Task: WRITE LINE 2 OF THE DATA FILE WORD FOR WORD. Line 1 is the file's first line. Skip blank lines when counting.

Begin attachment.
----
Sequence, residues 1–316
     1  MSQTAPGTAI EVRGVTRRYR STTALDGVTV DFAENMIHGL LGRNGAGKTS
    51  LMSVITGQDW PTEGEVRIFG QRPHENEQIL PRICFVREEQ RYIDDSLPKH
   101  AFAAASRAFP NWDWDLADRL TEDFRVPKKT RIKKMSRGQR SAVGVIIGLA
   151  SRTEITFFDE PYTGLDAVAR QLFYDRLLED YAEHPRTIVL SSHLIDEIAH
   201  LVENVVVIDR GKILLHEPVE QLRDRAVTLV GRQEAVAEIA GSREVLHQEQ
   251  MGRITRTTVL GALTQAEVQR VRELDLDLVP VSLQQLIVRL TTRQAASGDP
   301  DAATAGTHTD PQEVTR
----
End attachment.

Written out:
     1  MSQTAPGTAI EVRGVTRRYR STTALDGVTV DFAENMIHGL LGRNGAGKTS